Kombucha is fast emerging as a functional drink, marketed mainly for its health benefits. It is actually a tea fermented by a symbiotic colony of bacteria and yeast (SCOBY).  This SCOBY eats up most of the sugar from the tea, thus transforming it into a refreshingly fizzy, sour drink that is low on sugar and calories. Before you add it to your grocery list, analyze its pros and cons.


  • Kombucha has high levels of B vitamins that could protect the pancreas and the liver.
  • It is rich in enzymes and bacterial acids that help detoxify the body.
  • It contains glucosamines that increase the production of synovial hyaluronic acid, which in turn preserves the cartilage structure and prevents arthritic pain.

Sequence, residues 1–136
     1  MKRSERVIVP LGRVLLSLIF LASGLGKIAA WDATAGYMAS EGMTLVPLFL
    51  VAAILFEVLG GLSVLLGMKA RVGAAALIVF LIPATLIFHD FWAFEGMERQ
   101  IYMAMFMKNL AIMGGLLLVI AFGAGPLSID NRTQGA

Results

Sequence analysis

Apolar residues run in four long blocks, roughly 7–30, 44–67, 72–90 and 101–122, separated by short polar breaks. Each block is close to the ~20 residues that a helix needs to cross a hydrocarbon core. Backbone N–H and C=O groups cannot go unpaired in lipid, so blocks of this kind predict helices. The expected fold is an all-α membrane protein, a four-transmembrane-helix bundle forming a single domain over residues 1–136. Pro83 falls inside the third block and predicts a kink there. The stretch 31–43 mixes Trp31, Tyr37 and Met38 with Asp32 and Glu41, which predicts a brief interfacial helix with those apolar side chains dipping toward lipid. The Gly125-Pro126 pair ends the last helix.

• Since it is a probiotic beverage, it aids digestion and promotes gut health.


  • As kombucha is fermented by bacteria and yeast, strains of mold and fungi could develop in it sometimes, causing serious illness.
  • Yeast infection is a possible side-effect.
  • Having too much kombucha could lead to lactic acidosis and mythosis, both of which could affect muscle inflammation and the buildup of muscle acid.
  • Although it is good for the gut, its high acidic content could cause stomach ulcers or heartburn, if consumed in excess.

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